When I hear the other fathers in the neighborhood talking about how kids have no shot at playing sports at a high level unless they’re on expensive travelling teams and go to specialized camps and clinics, I roll my eyes. Partially because, damn, don’t you hope your kids pick what they want to do with their lives rather than live vicariously through your frustrated athletic dreams? But also because, while those things may make it easier to excel at sports, a privileged upbringing is not a requirement. Just ask Jonny Gomes:
“I didn’t sleep in a car,’’ Gomes explained. “But if a car had a mailing address, that’s where I was going to get my mail.’’
“You were homeless?’’ I wondered.
“Never more than seven or 10 days,’’ Gomes said. “We’d live in a house two or three months, couldn’t pay rent, we’d get the eviction notice.’’ But friends were generous, as were some of his mother’s patients. “Awesome people took us in,’’ Gomes said.
Good story by Paul Daugherty about the rough road Gomes took to and the good attitude Gomes has about his path to the majors.
The big presidential pardon news today concerns the commutation of Chelsea Manning’s sentence. We’ll leave that aside. For our purposes, know that someone in the world of baseball was pardoned: Willie McCovey.
Yes, Hall of Famer Willie McCovey, who in 1995 pleaded guilty to income tax fraud related to the non-reporting of income received from memorabilia and autograph shows. Duke Snider pleaded guilty alongside McCovey. They were given two years probation and fines of $5,000. Snider died in 2011. McCovey still works with the San Francisco Giants as a senior advisor and goodwill ambassador.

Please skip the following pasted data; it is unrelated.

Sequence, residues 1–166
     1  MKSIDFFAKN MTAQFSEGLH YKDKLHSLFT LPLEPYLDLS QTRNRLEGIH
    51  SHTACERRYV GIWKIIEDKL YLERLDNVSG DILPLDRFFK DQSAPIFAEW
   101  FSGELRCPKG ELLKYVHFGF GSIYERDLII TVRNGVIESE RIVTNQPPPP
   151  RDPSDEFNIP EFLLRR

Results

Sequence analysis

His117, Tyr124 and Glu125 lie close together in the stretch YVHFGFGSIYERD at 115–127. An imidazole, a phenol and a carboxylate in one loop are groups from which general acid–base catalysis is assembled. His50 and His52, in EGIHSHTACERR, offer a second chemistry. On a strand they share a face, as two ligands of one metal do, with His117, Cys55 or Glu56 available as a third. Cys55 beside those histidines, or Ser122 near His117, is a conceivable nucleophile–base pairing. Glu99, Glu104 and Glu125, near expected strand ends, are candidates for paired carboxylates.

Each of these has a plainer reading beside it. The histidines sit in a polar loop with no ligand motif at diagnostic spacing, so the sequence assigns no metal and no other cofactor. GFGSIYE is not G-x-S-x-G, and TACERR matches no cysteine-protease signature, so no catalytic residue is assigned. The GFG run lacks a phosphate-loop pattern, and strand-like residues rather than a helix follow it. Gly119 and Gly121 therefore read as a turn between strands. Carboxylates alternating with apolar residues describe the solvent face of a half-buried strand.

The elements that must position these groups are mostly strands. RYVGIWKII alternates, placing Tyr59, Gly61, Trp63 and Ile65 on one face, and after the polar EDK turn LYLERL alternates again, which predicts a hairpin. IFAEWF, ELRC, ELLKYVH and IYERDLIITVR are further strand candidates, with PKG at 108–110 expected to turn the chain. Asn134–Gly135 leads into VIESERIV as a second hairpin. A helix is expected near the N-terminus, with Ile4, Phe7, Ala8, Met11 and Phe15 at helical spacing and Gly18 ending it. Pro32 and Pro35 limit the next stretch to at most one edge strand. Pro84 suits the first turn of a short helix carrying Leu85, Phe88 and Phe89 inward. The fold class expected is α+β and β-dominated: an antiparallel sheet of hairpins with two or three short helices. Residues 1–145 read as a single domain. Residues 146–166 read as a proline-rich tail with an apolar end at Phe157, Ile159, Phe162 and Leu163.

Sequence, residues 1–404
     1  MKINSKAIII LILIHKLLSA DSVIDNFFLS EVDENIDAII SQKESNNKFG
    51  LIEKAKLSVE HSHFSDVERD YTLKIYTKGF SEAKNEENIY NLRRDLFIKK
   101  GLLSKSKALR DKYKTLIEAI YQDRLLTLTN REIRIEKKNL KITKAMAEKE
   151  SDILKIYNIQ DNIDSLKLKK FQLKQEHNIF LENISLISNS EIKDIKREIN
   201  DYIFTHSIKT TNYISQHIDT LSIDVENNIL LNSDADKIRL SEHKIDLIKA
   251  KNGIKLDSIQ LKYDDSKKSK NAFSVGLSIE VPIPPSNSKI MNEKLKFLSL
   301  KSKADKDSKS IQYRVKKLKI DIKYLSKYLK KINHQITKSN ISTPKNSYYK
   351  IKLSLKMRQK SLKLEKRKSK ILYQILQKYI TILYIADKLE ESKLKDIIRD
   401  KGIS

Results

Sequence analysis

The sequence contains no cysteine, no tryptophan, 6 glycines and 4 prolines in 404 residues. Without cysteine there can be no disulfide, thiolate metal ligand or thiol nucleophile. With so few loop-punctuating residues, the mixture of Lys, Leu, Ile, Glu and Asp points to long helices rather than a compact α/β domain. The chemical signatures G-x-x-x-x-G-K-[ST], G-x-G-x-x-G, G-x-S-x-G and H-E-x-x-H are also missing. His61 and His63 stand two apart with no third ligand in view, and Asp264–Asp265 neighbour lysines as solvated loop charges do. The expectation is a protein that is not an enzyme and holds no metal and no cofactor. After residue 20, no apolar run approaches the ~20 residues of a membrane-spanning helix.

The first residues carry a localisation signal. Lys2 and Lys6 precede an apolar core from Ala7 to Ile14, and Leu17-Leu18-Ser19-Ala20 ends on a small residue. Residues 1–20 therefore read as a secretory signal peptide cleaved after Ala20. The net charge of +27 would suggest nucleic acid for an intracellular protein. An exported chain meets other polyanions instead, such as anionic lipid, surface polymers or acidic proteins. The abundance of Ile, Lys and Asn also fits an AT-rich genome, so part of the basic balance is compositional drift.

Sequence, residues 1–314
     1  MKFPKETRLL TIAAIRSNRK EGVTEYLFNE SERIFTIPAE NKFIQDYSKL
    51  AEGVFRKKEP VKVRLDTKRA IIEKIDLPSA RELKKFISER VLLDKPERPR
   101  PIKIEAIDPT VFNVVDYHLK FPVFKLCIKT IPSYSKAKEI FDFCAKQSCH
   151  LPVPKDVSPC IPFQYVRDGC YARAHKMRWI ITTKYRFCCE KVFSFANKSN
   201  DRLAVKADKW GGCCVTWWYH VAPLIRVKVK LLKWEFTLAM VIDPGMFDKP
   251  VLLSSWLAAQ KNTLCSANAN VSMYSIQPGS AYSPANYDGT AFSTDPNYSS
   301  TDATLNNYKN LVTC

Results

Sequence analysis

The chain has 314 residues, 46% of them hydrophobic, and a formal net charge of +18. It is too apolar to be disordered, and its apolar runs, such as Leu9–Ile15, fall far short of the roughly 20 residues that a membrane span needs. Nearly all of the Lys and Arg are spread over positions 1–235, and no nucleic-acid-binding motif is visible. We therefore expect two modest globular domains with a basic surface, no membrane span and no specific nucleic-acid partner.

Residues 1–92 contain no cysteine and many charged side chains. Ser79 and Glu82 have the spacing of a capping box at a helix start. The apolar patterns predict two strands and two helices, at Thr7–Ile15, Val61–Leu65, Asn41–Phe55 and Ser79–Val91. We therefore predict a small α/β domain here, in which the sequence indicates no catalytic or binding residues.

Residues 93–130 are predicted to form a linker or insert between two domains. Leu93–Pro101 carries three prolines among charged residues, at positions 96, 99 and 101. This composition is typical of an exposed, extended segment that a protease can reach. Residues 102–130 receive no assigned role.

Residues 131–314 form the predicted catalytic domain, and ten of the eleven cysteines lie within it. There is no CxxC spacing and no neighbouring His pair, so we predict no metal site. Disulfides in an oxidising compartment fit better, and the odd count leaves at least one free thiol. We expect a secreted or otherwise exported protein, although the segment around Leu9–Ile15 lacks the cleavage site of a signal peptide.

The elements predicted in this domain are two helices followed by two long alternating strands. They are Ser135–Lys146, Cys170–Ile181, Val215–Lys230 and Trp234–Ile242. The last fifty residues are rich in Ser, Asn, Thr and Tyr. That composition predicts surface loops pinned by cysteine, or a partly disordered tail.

President Obama’s release of McCovey’s pardon was pretty succinct. But it’s enough to scrub the record of one of the greatest sluggers of all time.
Rangers reliever Jake Diekman will have surgery on January 25 to help alleviate ulcerative colitis, an inflammatory bowel disease. As a result, the lefty will miss at least half of the 2017 regular season, Jeff Wilson of the Fort Worth Star-Telegram reports. Diekman was diagnosed with the illness when he was 11 years old. He has brought awareness to the Crohn’s and Colitis Foundation of America with a “Gut It Out” campaign.
Diekman, who turns 30 years old on Saturday, finished the 2016 campaign with a 3.40 ERA and a 59/26 K/BB ratio in 53 innings. He came to the Rangers from the Phillies in the Cole Hamels trade on July 31, 2015.
The Rangers and Diekman avoided arbitration last Friday, agreeing to a $2.55 million salary for the 2017 season.